October 8, 2012
Lab-grown body parts are plentiful in science fiction, but they haven’t yet made it into the everyday practices of real-life surgeons. A groundbreaking surgery in Sweden might change that after a patient received a transplanted trachea that was grown from his very own stem cells. In an incredible cooperation between surgeons at Karolinska University Hospital in Sweden and University College in London, a man whose own windpipe was ruined by cancer was the recipient of the first donor-less transplant in June 2011.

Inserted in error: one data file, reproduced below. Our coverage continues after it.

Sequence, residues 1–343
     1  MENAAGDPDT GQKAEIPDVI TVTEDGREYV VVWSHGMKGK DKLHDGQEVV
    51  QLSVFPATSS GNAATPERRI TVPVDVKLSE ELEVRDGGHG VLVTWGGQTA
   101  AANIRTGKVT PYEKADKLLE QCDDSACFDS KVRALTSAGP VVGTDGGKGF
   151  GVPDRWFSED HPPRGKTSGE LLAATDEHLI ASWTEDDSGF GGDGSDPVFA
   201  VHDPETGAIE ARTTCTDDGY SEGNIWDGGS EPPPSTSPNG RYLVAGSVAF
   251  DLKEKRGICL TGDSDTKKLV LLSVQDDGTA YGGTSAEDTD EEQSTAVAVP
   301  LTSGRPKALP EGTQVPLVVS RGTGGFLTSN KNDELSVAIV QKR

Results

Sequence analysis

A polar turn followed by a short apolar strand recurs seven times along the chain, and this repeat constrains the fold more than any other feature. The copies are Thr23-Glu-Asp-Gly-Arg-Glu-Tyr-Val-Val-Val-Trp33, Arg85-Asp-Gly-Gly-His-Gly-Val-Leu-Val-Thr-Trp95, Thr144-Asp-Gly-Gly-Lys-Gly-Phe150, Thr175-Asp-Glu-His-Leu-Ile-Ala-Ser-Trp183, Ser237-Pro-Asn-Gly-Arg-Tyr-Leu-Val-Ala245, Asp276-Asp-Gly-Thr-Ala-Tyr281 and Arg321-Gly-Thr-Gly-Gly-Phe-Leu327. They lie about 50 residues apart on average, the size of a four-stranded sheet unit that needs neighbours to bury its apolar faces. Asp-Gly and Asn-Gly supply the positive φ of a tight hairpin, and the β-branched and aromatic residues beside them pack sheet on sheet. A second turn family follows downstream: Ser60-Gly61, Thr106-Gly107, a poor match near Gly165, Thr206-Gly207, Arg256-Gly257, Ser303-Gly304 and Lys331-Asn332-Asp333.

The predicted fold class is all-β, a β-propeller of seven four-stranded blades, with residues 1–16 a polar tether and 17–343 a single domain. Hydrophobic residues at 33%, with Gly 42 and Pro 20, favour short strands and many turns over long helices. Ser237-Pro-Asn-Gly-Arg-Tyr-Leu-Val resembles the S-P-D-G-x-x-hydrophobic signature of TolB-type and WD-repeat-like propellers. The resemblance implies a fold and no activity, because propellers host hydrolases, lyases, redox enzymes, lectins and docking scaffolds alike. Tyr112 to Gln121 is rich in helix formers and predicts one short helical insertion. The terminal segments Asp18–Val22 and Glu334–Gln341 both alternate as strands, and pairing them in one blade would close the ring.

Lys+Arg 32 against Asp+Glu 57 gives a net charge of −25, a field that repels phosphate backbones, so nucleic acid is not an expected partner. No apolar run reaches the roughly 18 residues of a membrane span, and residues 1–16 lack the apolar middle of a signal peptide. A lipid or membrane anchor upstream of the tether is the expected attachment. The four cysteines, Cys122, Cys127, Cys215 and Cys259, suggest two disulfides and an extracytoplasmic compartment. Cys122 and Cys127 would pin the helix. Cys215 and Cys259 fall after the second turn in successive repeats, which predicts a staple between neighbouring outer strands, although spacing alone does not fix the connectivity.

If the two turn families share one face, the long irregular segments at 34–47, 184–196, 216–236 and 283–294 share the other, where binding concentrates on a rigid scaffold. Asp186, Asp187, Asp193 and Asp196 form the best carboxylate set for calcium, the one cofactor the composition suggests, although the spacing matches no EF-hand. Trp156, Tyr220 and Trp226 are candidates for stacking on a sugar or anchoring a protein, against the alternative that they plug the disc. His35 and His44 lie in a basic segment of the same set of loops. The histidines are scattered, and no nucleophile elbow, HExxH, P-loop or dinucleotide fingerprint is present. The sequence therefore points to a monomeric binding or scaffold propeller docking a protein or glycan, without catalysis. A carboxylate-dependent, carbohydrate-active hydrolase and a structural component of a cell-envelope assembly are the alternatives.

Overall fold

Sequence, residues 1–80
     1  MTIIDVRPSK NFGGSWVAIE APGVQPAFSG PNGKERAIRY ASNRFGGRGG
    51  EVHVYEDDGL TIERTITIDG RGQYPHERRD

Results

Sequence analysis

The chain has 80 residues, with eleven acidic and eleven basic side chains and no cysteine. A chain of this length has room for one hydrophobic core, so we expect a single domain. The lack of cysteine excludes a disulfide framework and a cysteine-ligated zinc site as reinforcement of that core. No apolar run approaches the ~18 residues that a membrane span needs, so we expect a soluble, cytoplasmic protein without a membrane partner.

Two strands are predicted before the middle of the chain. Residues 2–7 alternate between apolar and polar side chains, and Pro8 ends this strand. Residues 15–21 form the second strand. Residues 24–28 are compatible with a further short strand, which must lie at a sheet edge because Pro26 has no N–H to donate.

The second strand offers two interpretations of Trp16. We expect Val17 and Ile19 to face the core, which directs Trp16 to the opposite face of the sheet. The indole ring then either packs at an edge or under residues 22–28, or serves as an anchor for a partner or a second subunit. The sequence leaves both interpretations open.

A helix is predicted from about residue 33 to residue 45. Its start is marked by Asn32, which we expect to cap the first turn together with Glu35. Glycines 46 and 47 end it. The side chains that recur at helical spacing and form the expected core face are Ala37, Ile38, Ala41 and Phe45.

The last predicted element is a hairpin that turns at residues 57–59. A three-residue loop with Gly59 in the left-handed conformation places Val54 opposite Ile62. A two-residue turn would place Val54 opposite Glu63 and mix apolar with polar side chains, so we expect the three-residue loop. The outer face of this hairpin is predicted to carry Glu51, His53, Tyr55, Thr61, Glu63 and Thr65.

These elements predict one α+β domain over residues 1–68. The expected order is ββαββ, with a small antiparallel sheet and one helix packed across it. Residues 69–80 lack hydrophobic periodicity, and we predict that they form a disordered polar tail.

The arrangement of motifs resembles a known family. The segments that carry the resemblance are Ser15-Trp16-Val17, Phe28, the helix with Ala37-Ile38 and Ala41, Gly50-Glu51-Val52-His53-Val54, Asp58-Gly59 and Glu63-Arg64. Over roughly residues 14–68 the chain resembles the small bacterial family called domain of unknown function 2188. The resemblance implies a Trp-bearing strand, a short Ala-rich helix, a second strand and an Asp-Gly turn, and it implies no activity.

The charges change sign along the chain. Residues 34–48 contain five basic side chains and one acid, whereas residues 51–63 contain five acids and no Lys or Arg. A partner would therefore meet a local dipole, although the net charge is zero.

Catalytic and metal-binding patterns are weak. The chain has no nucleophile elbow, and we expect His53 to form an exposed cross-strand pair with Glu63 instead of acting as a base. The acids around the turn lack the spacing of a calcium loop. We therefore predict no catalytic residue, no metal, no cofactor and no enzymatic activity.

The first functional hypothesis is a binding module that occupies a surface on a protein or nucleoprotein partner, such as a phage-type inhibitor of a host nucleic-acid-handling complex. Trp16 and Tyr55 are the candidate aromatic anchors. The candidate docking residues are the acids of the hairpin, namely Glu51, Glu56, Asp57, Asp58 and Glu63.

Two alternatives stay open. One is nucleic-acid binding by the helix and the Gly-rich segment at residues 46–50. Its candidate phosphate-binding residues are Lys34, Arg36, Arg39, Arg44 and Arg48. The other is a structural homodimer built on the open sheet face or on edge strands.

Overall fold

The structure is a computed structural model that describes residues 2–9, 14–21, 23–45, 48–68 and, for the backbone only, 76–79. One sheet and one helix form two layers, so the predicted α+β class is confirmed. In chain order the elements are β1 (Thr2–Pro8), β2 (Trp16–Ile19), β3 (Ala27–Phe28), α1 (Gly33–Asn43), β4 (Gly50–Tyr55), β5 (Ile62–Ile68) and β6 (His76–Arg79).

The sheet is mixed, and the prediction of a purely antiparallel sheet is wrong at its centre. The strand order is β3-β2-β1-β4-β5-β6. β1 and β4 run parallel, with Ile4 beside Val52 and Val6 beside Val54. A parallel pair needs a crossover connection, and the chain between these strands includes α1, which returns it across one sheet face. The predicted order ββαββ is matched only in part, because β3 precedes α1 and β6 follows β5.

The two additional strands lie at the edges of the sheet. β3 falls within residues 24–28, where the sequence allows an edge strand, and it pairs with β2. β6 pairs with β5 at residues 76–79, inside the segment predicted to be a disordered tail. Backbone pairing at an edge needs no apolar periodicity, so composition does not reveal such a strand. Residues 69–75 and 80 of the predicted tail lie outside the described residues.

The surgeons started off by creating 3-D scans of the patient’s windpipe. Researchers at the University College in London then created a glass scaffold that was an exact replica of the original windpipe. The scaffold was soaked in the patient’s own stem cells from his bone marrow, which quickly took hold and created a brand new trachea in just two days. Thanks to the fact that the trachea was made from his own stem cells and did not come from a donor, there was no chance of rejection by his body and no need for the typical anti-rejection drugs needed by other transplant recipients. The best news to come out of this milestone is that people who desperately need organ transplants may not have to wait for a suitable donor in the future; this technology could be used to grow almost anything they need in a lab within just a few days.